I receive a substantial number of questions about disclosure statements and inspection reports. As a framework for discussing some of the issues, let me give you a situation posed by an experienced Austin area broker. She writes “Here is the situation I would like you to address. A previous client, who we represented as a buyer’s agent during the purchase of property, returned two years later and asked our company to represent him in the sale of the property. The client indicated on the seller’s disclosure statement that he could not find his purchase inspection. The agent who previously represented this client as a buyer’s agent, and who is now representing the client as a seller’s agent, has the previous inspection report in both his own and the brokerage company file. Should we have retained the inspection report in our file? What are the disclosure responsibilities of the seller? What are our responsibilities? Can the seller instruct his agent not to disclose the previous report which the agent has in his file? What should our response be if we are instructed not to disclose the report?”
For discussion purposes, I am going to assume there is some negative material in the inspection report. If you receive a report which does not have anything negative about the property in it, I suggest that you not only retain it but frame it and hang it in your lobby.
There are two threshold questions to address. One, should the broker and agent have been given a copy of the report in the first place and second, should they have retained the report in their files?
I believe it is entirely appropriate for a broker and agent to insist upon receiving a copy of the inspection report. However, these reports are usually ordered by and paid for by a buyer. If I were an inspection company, I would deliver my report only to the buyer. Once the buyer has received the report, it is up to her to decide who should receive the report.
If a buyer refuses to give a copy of the report to her agent, I do not believe the agent has the authority to compel release of the report. However, I would be very leery of continuing to work with a buyer who would not share the report. After all, if there are problems with the property which later result in litigation, I think it is a foregone conclusion that the broker and agent representing the buyer will be included as defendants. You have an obligation to yourself and your broker to know the condition of the property.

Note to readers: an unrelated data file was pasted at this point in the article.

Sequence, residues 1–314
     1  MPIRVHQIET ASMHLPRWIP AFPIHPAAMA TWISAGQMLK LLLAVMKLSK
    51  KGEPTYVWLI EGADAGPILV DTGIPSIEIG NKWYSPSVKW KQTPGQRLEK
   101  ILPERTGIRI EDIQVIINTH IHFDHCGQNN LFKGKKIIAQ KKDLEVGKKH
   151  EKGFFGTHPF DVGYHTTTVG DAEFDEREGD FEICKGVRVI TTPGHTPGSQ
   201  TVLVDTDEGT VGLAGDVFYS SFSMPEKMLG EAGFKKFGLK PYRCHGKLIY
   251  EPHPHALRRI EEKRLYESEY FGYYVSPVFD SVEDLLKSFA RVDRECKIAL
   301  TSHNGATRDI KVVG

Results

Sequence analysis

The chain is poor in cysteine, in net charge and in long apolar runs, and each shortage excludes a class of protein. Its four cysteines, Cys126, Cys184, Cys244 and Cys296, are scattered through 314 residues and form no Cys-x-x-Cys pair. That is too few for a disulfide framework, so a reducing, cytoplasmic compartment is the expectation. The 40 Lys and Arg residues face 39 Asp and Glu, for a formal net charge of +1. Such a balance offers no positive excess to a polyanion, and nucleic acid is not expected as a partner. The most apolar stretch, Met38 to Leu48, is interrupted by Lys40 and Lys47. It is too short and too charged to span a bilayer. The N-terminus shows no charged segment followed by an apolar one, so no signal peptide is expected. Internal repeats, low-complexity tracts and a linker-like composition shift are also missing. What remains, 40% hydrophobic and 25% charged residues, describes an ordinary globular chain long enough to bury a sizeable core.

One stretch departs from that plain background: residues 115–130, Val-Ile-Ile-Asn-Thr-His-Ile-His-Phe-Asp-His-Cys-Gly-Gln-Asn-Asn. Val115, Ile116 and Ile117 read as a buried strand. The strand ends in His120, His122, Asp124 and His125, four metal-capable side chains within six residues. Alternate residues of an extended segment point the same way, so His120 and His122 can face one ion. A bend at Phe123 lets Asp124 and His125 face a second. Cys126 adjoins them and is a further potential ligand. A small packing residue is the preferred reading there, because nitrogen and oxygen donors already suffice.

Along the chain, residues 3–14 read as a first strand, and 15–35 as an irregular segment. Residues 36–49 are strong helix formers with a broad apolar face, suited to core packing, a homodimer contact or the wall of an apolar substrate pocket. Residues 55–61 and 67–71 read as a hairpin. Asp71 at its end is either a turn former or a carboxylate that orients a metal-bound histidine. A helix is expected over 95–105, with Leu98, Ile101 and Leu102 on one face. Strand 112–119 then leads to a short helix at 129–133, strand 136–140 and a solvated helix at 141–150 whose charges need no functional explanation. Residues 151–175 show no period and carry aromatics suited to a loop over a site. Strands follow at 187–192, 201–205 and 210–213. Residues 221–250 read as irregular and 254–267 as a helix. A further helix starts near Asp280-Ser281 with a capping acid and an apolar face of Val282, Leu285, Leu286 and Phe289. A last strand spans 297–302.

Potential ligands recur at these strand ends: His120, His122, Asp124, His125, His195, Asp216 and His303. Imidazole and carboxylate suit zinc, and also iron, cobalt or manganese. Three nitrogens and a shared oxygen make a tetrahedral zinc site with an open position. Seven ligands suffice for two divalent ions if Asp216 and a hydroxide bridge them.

Once the buyer broker and agent have received the inspection report, I believe it should become part of their permanent file regarding the transaction. I can think of no compelling reason to discard the report after the transaction has closed. The fact that it might contain negative information about the condition of the property is certainly not a reason to discard the report. In fact, that is probably a compelling reason to keep the report. It documents that the buyer was aware of these conditions prior to closing and chose to proceed with the purchase.
In a subsequent sale of this property, if the seller states that she cannot find her report, there are a couple of options. One, the agent and broker who retained the report can make it available to the seller so that it can be provided to the buyer. Two, the buyer could state on the disclosure statement that she cannot find her report, and she could forbid her broker to release the report to the buyer. Three, the buyer could use the statutory disclosure form, rather than the TAR or ABOR form, which does not address previous inspection reports. Fourth, the buyer could simply refuse to sign a seller disclosure statement.
What is important in this situation is not whether the seller releases a prior inspection report to the buyer, but whether she discloses the required information about the property. The law requires the seller to disclose any material fact regarding the condition of the property which would influence the purchase decision of a reasonable buyer. To my knowledge, there is no requirement that a seller release a confidential inspection report received when she purchased the property. What is required is that any relevant negative property conditions be disclosed to the buyer.
In the hypothetical situation posed, if the seller refuses to release the previous inspection report to the buyer and fails to properly disclose the defect in the property to the buyer, the representing broker and agent have a choice. They can continue to represent the seller and proceed to closing or they can terminate their representation and withdraw from the transaction. They cannot, without permission of the seller, release the report or discuss the condition of the property without violating a fiduciary duty to the seller.
There simply is no absolute text book answer as to what a broker or agent should do in these situations. It all depends on the facts of the situation. If there is a serious defect in the property which will affect value and future marketability and the seller refuses to disclose the condition to the buyer, your decision is, I think, obvious. You should immediately document with your seller your objection to the refusal to disclose the defect and withdraw from representation.
On the other hand, if the report contains some minor problems which have been completely repaired and your seller refuses to release the report, you might elect to continue representation. There is no requirement that the report be released and, in this situation, no negative property conditions to disclose.
When you are attempting to decide what you believe should be disclosed to a buyer don’t get caught up in all the nuisances of the law. Just ask yourself one simple question. “If the buyer was my mother, would I want her to know of this condition before she purchased?” If the answer is yes, make the disclosure.